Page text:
We are looking forward to seeing the new projects and meeting the children.

About Laura Cerqueira

I’m a store manager at IKEA Loures in Portugal. I have been working at IKEA for 10 years and have participated in the Soft Toys for Education campaign since the beginning, in 2003. I am very proud of the work the IKEA Foundation is doing to improve children’s education. I’m excited to go to Kosovo and understand how the Save the Children teams are improving children’s education and futures.

Learning about Kosovo’s past to understand its future!

Our IWitness team is visiting Save the Children projects in Kosovo this week. To kick off this series of blog posts, Ylber Kusari from Save the Children Canada talks about the special way the group started their trip.

By Ylber Kusari:

I was beyond thrilled when I received the news I would be accompanying IKEA co-workers on an IWitness trip to my home country of Kosovo.

We started our first day with an introduction to Kosovo by going to Prizren, a historic city in the south. For the IKEA co-workers to understand the contemporary reality of Kosovo and the work Save the Children is doing through the support of IKEA Foundation, it’s essential that they first understand the country’s history.

Prizren Castle Prizren - by Valid Zhubi

Prizren Castle Prizren – by Valid Zhubi

We climbed up a hill carrying our IKEA Foundation backpacks to visit a historic castle from the fifth century, while sharing stories of Kosovo’s evolution as a young country carving an identity in the global arena, and its implications on the education system.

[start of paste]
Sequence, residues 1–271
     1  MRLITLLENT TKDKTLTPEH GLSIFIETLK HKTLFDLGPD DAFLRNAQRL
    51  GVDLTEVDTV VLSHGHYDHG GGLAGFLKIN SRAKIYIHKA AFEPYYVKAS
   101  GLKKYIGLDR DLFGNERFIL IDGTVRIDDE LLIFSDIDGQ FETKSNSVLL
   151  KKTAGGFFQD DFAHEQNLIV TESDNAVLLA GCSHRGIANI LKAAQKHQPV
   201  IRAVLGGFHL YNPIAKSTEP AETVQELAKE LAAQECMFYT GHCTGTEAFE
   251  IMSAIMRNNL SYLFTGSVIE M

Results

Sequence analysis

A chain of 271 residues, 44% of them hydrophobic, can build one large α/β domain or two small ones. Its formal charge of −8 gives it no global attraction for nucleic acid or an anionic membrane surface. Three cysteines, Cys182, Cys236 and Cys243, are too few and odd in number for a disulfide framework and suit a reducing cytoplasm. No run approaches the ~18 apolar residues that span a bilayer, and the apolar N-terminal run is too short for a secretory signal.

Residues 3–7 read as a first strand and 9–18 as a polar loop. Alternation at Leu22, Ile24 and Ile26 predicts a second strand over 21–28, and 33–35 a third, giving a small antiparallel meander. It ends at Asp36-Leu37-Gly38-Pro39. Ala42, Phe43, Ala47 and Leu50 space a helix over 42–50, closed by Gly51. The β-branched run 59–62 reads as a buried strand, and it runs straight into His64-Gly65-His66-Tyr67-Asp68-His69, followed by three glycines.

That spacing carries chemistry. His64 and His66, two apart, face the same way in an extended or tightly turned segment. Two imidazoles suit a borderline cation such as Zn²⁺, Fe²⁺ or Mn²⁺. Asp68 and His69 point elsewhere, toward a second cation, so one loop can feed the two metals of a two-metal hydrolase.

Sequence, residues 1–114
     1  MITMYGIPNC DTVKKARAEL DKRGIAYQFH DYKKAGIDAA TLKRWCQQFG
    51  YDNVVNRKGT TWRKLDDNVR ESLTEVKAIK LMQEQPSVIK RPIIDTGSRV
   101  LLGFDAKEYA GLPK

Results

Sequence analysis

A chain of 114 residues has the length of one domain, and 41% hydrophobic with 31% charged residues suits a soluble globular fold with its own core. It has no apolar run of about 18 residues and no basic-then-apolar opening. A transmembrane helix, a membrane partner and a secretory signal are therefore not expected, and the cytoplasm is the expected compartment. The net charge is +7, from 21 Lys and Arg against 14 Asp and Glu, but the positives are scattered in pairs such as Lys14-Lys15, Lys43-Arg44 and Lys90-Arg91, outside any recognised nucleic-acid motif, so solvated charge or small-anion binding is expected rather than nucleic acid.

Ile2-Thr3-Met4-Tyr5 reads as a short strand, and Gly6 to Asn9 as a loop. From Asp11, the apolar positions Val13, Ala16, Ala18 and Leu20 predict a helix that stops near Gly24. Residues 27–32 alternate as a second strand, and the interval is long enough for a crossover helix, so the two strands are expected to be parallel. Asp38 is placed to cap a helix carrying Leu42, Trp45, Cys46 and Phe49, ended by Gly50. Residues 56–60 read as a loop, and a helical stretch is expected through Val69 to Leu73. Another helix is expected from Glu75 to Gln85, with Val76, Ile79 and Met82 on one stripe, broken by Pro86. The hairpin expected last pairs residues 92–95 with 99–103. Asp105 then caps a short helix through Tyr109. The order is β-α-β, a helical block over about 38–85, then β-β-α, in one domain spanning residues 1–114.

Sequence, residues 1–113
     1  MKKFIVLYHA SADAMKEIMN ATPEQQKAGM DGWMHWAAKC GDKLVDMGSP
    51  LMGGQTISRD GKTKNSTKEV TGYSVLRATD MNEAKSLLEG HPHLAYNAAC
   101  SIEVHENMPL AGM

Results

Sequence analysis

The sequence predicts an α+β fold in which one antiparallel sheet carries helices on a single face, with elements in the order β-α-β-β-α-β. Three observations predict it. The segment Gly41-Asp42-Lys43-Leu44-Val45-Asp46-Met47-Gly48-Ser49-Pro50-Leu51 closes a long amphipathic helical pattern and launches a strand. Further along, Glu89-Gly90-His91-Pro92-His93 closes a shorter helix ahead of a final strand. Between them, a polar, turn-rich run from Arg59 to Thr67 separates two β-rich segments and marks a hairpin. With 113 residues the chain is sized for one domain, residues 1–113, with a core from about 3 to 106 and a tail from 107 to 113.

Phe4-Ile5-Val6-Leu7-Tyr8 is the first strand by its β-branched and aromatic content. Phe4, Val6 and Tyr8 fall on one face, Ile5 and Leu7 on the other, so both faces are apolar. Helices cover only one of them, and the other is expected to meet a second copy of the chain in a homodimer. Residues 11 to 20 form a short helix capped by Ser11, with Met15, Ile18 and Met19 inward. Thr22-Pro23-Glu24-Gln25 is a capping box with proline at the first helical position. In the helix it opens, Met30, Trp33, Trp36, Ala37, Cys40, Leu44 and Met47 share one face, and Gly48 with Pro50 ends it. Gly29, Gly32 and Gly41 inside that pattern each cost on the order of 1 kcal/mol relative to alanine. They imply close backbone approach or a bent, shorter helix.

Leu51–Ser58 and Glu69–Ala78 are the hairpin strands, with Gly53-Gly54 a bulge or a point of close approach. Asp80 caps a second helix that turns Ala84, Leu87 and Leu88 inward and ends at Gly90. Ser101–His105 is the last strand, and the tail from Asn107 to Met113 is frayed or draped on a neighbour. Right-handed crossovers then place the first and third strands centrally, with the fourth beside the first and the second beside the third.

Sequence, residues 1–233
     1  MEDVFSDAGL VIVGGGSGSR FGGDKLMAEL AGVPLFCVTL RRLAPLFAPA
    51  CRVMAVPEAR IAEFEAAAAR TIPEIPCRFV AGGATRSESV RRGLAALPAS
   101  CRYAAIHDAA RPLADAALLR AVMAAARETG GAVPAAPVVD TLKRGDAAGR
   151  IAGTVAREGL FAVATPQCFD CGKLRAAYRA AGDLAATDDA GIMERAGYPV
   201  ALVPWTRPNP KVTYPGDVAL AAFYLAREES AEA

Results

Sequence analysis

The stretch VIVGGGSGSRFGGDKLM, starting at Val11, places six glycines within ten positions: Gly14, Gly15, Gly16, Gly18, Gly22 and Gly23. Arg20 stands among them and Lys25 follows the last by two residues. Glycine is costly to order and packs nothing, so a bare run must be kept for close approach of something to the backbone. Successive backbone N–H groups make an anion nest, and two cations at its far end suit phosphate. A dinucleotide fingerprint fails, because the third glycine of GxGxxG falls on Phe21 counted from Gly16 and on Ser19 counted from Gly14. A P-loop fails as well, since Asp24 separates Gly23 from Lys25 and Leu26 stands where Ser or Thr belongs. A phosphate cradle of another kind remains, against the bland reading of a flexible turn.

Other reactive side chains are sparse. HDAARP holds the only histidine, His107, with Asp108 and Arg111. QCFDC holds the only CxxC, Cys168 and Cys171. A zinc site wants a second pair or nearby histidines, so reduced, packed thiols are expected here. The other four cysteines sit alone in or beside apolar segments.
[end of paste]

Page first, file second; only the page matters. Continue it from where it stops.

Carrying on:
Standing at the top of a hill, surrounded by ancient ruins under a clear blue sky, I realized how committed and passionate the IKEA co-workers are in making a difference through their workplace. Listening to their stories about fundraising for the Soft Toys for Education campaign and their desire to go on the trip was truly inspiring. I realized that the IKEA Foundation is giving its co-workers an opportunity to fulfill their personal legacy by getting involved through their workplace.

Prizren Castle Kosovo - by Laura Cerqueira

Prizren Castle Kosovo – by Laura Cerqueira

As an employee of Save the Children, I felt humbled and grateful that we have the fortune of working with IKEA here in Kosovo. Together we can make the future brighter for the children here in Kosovo and worldwide. I look forward to leading the group on an inspirational and meaningful journey over the next five days!

About Juli Riegler

Juli is the IKEA Foundation's Digital Communications Manager. Next to managing the IKEA Foundation's website and Facebook account she works closely with Save the Children and UNICEF and IKEA's yearly Soft Toys for Education campaign. She enjoys doing a lot of different sports, travelling and connecting with people from around the world.

What makes it all possible

Anton Nyman works for UNICEF Sweden, and he recently returned from an IWitness trip to Sierra Leone. Here he explains why the IKEA Foundation’s funding is so important for UNICEF’s work, and he thanks IKEA co-workers for helping UNICEF improve children’s education in Sierra Leone.


Over the last couple of days, I have had the privilege of visiting Sierra Leone with five IKEA co-workers. The purpose of the visit is to see and learn more about the programmes that the IKEA Foundation supports in Sierra Leone, one of the poorest countries in the world.